[ExI] my unified theory on what really happened at the state department
William Flynn Wallace
foozler83 at gmail.com
Wed May 11 16:55:13 UTC 2016
Also, for all the fear and paranoia about the capabilities of foreign
hackers...most of them, even the professionals, are script kiddies,
"untrained" by the standards of most senior software engineers in the US.
Which is not to say there aren't good ones out there, but seriously, most
of the hacking is banal stuff that most people on this list - even the
non-IT-specialists, but who have read about the basics of computer security
thanks to this list - would casually brush off. adrian
Dark Territory - history of the cyberwar. I have finished it and recommend
it to everyone who thinks they know something about hacking, the NSA, Cia,
FBI, and numerous bureaus in DC involved as well as private business, and
what foreign countries are doing and their capabilities. It's up to date
to April 2015. A real inside job, so to speak. Got mine at the library.
We have been in everyone's computers and they have been in ours, government
and private business, for a long time. REad how Iran got into thousands of
computers and erased the drives because an Israeli who owns a casino
organization criticized Iran. They could have stolen millions of dollars
but did not, presumably because they just wanted to make a point. It is
far, far more sophisticated than Adrian implies. And large = hundreds of
people dealing with thousands of cyberthreats daily.
On Wed, May 11, 2016 at 1:43 AM, Adrian Tymes <atymes at gmail.com> wrote:
> On Tue, May 10, 2016 at 8:27 PM, spike <spike66 at att.net> wrote:
>> With that theory in mind, and Guccifer’s plausible explanations for how
>> he got in there, how easy it was and how the server was “an open orchid on
>> the internet” I must conclude that others found the same weakness, military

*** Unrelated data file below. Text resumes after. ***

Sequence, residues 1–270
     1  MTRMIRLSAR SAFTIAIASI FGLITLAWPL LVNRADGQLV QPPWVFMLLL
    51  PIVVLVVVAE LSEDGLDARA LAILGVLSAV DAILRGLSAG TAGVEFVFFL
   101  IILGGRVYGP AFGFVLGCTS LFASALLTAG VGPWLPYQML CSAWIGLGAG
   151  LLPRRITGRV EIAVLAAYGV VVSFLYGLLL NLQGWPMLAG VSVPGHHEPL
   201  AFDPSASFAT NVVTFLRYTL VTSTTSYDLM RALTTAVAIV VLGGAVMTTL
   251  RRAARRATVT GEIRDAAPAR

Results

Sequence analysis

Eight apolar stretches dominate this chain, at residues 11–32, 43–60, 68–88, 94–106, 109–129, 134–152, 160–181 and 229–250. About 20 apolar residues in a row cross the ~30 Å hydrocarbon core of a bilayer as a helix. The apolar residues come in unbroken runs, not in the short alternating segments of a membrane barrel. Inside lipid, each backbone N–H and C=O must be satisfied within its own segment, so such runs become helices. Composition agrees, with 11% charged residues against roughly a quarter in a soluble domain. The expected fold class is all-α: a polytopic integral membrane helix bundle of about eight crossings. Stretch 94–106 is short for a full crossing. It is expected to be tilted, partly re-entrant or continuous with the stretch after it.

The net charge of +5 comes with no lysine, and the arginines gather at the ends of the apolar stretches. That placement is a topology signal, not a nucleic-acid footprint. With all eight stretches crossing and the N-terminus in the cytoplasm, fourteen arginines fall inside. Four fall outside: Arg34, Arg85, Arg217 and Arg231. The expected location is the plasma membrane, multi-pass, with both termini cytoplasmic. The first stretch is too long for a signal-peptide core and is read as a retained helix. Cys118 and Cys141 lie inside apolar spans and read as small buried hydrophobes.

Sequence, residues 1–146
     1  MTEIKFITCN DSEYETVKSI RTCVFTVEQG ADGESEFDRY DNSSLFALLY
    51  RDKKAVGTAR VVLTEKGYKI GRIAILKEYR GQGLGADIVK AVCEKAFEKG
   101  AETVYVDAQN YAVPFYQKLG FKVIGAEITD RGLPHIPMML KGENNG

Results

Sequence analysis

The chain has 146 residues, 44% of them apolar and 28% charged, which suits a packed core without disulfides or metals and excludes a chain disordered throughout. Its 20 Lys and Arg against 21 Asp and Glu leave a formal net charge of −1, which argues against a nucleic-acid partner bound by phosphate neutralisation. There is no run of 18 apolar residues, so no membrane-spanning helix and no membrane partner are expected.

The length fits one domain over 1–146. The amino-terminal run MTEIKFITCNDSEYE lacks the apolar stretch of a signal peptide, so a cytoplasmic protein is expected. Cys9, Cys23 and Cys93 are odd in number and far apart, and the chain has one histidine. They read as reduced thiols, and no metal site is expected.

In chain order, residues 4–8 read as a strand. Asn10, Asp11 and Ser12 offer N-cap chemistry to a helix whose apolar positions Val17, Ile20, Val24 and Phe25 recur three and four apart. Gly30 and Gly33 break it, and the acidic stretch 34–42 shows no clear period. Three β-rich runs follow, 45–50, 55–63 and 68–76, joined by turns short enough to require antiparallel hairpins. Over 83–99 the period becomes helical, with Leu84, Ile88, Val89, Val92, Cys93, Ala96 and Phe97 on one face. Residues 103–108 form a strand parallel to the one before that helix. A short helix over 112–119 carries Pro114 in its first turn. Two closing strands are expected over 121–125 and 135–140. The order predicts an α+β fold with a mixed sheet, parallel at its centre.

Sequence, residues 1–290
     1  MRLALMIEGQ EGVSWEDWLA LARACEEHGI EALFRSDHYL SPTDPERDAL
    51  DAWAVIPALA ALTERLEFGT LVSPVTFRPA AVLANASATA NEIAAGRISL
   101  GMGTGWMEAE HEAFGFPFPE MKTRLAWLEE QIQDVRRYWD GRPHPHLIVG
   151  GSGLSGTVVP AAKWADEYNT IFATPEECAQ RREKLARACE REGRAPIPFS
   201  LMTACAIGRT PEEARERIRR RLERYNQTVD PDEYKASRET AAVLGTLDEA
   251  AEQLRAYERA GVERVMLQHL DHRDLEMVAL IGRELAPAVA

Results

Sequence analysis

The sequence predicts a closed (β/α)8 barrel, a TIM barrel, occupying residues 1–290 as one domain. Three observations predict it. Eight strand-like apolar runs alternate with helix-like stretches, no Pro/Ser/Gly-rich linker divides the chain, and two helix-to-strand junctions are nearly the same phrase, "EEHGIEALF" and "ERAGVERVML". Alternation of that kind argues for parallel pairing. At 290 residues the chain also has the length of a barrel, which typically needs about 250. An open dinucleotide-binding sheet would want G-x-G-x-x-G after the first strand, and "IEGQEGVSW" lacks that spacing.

>> organizations who damn sure were and are interested in politics, parties
>> who have vested interest in keeping quiet for now that they have the entire
>> archives, who now have vested interest in seeing Hilliary elected president.
> Granting your theory for sake of argument, it does not necessarily follow
> that others must necessarily have hacked in.
> It's certainly possible. It'd be foolish to assume they definitely did
> not. But...it is also incorrect, and can lead to problems, if one assumes
> that anyone did, let alone any specific one.
> In order to hack something, one must know that it is there. Who would
> have thought that the Secretary of State would have had her own email
> server? If you think it isn't there, you aren't going to attack it except
> by accident.
> Also, for all the fear and paranoia about the capabilities of foreign
> hackers...most of them, even the professionals, are script kiddies,
> "untrained" by the standards of most senior software engineers in the US.
> Which is not to say there aren't good ones out there, but seriously, most
> of the hacking is banal stuff that most people on this list - even the
> non-IT-specialists, but who have read about the basics of computer security
> thanks to this list - would casually brush off.
> So we don't know whether it was hacked. Assuming that foreign operators
> have the emails - and that they will act rationally based on that info -
> leads to predictions that will not match what actually happens.
> extropy-chat mailing list
> extropy-chat at lists.extropy.org
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